Is the acting profession compatible with Godliness?

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Idelette

Puritan Board Graduate
The Puritan Divines were nearly unanimous in their rejection of the acting profession. During Cromwell's reign they tore down the Globe Theatre in London, believing the theatre to be at best a frivolity and at worst a hotbed of sin. Among the playwrights they blamed were Shakespeare and Christopher Marlowe, both of whose work reflected a clear Christian worldview, portraying humanity warts and all.
That's the first time that I've ever heard that Shakespeare reflected a clear Christian worldview, in fact, from what I've learned about him it has been quite the opposite. I haven't studied what the Puritans thought about the acting profession itself, but I could clearly understand why they would consider his plays and the theater a hotbed of sin. His plays were laced with homosexuality and promiscuity. And it was rumored that he himself had several affairs while he was married. So, I wonder if it wasn't the immorality itself that the Puritans objected to?
 
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Andres

Puritan Board Doctor
I like cheese, especially when it's cultured with truth.

How about depravity?
YouTube - FIREPROOF fight scene 2

How about repentance?
YouTube - Fireproof | Caleb's Apology

Of course, this is pretty dramatic.
YouTube - Martin Luther - Here I Stand, I Can Do No Other

Was there really a rich man who stole the sheep of a poor man as Nathan told David? Was he acting? Were all the parables Christ spoke actual events? Just thinking.....
In light of my original commentson the film Fireproof, perhaps I should clarify. I am not the one who said the movie was cheesy. I didn't think it was. I said it was very poorly produced and unless one is naive or doesn't see very many movies, this is a fact. I think it's great a movie would convey the above sentiments, but unless the movies are made on a better scale then Fireproof, most people won't take them seriously.
 

buggy

Puritan Board Freshman
The acting profession requires a huge amount of creativity, lots of thinking out of the box, and in the case of the Christian performer, tremendous amount of spiritual strength to ensure his works conform to the Word of God.

Some Christians are unable to comprehend such thing and hence I think that is why many condemn acting and the theatre. From the early church fathers (Augustine), to the Puritans and also some evangelical preachers like JC Ryle.

The problem has never been films, music, of itself, but rather the depraved heart and the evils produced (Mt. 15:19).
 

Tim

Puritan Board Graduate
The Puritan Divines were nearly unanimous in their rejection of the acting profession.
A useful point.

Now, my question is whether they were against acting per se or simply because the people in the profession were almost all given over to ungodly things. That is, that the stage plays were vulgar and of questionable themes. If the latter is the case, then we might take the same position today. Hollywood is almost 100% ungodly, and there is very little good material. Thus we might choose to reject the entire profession of acting because of the association it holds.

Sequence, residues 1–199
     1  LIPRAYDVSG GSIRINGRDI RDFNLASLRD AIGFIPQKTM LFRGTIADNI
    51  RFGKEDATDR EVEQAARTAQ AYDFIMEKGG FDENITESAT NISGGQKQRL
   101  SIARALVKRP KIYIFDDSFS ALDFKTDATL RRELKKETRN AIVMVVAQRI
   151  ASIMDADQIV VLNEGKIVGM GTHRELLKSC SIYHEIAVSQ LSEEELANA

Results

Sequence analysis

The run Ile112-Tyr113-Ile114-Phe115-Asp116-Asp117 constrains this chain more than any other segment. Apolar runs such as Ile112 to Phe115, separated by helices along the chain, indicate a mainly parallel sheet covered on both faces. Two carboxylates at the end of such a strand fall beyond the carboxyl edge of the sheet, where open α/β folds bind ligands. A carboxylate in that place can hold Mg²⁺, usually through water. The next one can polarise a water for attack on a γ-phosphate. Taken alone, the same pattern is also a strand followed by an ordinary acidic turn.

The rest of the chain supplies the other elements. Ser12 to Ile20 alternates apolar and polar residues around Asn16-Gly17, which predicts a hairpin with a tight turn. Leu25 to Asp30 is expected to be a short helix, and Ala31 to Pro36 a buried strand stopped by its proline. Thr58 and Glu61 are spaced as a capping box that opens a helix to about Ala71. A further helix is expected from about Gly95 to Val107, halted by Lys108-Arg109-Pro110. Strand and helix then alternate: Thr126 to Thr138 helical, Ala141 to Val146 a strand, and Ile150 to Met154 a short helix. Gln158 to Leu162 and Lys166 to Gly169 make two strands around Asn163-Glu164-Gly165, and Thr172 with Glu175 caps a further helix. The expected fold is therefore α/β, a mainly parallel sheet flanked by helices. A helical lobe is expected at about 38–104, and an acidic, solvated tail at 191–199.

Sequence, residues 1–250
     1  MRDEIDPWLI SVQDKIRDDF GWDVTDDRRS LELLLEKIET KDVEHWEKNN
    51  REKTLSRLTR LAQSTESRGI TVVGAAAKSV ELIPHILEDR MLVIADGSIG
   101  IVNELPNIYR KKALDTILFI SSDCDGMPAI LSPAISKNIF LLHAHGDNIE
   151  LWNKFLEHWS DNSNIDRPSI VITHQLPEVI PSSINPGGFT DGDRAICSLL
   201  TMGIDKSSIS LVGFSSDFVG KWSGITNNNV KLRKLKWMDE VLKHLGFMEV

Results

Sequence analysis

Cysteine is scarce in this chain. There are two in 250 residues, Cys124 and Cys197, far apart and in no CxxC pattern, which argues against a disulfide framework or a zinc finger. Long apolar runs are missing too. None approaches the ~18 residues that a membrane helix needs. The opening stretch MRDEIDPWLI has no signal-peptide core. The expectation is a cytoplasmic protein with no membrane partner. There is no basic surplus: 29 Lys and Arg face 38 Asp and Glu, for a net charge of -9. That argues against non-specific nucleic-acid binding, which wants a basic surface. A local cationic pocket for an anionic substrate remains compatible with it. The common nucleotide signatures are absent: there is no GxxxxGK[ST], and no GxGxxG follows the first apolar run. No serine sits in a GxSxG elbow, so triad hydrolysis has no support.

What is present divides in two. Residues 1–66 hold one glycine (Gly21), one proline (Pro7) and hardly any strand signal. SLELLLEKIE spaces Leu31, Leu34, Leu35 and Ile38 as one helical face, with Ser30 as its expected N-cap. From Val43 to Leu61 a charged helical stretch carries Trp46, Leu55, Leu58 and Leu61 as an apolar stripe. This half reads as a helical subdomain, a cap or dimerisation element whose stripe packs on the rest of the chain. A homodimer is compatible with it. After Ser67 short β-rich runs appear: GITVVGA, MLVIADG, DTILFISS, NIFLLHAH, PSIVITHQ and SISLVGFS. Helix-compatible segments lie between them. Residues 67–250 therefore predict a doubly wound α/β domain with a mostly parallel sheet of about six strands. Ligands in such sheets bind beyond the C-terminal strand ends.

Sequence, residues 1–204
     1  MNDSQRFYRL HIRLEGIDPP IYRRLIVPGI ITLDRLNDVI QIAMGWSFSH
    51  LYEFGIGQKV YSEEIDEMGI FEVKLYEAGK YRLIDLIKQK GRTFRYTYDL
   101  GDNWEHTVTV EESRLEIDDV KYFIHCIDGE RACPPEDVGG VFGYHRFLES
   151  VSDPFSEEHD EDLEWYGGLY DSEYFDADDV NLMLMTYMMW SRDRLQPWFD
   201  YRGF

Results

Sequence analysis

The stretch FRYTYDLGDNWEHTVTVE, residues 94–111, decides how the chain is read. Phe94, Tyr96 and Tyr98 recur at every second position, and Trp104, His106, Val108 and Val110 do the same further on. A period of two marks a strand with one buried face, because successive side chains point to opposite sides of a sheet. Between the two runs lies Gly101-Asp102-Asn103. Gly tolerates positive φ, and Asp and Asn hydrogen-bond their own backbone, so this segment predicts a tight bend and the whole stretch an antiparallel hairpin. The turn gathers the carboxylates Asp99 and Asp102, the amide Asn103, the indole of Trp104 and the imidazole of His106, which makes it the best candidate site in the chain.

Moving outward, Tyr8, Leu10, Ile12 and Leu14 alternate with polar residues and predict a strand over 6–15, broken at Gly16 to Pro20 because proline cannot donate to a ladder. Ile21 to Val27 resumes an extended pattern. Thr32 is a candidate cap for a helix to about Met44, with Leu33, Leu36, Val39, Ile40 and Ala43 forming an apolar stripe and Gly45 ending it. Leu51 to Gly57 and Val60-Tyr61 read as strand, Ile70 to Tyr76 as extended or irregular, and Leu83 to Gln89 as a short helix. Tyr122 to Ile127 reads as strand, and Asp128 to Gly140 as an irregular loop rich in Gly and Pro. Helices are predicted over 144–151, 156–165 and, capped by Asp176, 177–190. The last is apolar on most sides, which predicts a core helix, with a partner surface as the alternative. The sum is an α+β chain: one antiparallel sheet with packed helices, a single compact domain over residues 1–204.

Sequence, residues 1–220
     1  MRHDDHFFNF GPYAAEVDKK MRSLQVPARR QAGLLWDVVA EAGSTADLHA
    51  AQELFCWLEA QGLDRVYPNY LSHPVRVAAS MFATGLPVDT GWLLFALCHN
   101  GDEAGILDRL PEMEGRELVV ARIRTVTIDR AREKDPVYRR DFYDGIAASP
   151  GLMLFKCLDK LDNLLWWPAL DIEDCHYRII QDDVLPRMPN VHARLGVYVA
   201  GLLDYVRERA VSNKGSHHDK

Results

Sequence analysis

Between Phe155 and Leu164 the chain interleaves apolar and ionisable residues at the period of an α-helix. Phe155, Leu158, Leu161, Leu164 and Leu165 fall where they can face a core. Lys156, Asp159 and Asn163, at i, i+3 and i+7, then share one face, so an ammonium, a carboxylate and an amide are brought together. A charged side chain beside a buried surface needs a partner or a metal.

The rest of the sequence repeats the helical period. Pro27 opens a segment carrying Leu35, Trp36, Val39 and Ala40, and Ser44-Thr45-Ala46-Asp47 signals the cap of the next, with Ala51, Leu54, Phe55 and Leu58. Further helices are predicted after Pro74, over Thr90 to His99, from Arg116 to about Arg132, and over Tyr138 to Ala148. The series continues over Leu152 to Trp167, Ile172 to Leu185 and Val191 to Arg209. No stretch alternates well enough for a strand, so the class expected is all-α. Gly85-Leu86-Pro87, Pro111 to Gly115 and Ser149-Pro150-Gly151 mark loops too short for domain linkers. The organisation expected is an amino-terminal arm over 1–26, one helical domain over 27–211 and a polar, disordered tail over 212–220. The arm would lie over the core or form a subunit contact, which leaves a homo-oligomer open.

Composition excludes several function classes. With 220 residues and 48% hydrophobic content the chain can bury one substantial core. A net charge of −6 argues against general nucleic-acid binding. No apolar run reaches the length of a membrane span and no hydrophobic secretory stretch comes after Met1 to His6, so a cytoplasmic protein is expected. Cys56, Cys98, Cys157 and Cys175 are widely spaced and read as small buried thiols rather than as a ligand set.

I have not concluded anything on this subject yet. Although, in effect, my practice is almost a complete rejection of TV and movies because there is very little that I would watch today. It is so difficult to find appropriate things to view that I reject the whole lot because it is not a good use of my time to put in the effort to find appropriate material.

So, can anyone expand on the Puritan view?
 

JennyG

Puritan Board Graduate
The Puritan Divines were nearly unanimous in their rejection of the acting profession.
A useful point.

Now, my question is whether they were against acting per se or simply because the people in the profession were almost all given over to ungodly things. That is, that the stage plays were vulgar and of questionable themes. If the latter is the case, then we might take the same position today. Hollywood is almost 100% ungodly, and there is very little good material. Thus we might choose to reject the entire profession of acting because of the association it holds.

I have not concluded anything on this subject yet. Although, in effect, my practice is almost a complete rejection of TV and movies because there is very little that I would watch today. It is so difficult to find appropriate things to view that I reject the whole lot because it is not a good use of my time to put in the effort to find appropriate material.

So, can anyone expand on the Puritan view?
You make some good points, Tim. I'm also still thinking this through, and I take the same approach to TV and movies - screening for things that are ok definitely would take too much time to be worth the bother.
That's a very interesting question, whether the Puritans would have objected to acting in itself, or whether the only problem was the de facto correlation between professional actors and ungodliness.
Next question:
is that correlation (which does seem surprisingly constant even if it isn't universal) just purely accidental?
 

he beholds

Puritan Board Doctor
I like cheese, especially when it's cultured with truth.

How about depravity?
YouTube - FIREPROOF fight scene 2

How about repentance?
YouTube - Fireproof | Caleb's Apology

Of course, this is pretty dramatic.
YouTube - Martin Luther - Here I Stand, I Can Do No Other

Was there really a rich man who stole the sheep of a poor man as Nathan told David? Was he acting? Were all the parables Christ spoke actual events? Just thinking.....